Having mobility plan in the hospital can prevent functional decline associated with lack of mobility
(HealthDay News) Having a mobility plan can prevent the functional decline associated with lack of mobility among hospitalized patients, according to a study published online July 17 in the Annals of Internal Medicine.
Noting that bedrest leads to functional decline in hospitalized patients, S. Ryan Greysen, M.D., and Mitesh S. Patel, M.D., from the University of Pennsylvania in Philadelphia, discuss how hospitalists can promote patient mobility in the hospital.
The authors note that even a limited number of steps during hospitalization can make a difference between functional decline and preserved independence during hospitalization, with a threshold effect of about 1,000 steps to prevent harm. Hospitalists should assess baseline mobility of all patients at admission and ask patients about their current level of functional independence and mobility. At the time of admission, hospitalists should formulate a mobility plan for each patient; the plan should outline daily goals for time out of bed and walking. As part of the daily rounds, the mobility plan should be discussed with the bedside nurse and patient.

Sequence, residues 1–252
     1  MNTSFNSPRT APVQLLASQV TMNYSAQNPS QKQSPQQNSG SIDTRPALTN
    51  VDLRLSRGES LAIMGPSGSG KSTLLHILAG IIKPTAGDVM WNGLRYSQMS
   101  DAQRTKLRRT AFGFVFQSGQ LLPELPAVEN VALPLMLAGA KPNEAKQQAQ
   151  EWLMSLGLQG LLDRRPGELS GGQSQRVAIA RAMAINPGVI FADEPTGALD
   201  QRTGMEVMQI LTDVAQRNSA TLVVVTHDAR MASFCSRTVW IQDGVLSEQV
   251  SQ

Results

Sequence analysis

“Our clinical experience leads us to believe that the existence of a thoughtful plan to address functional status and mobility during and after hospitalization could help reduce the number of discharges to skilled nursing facilities, enhance patient engagement and experience, and perhaps even influence post-discharge outcomes of care,” the authors write.
One author disclosed financial ties to the health care industry.
Title Annals for Hospitalists Inpatient Notes – Bedrest Is Toxic—Why Mobility Matters in the Hospital
Authors S. Ryan Greysen, MD, MHS; Mitesh S. Patel, MD, MBA, MS
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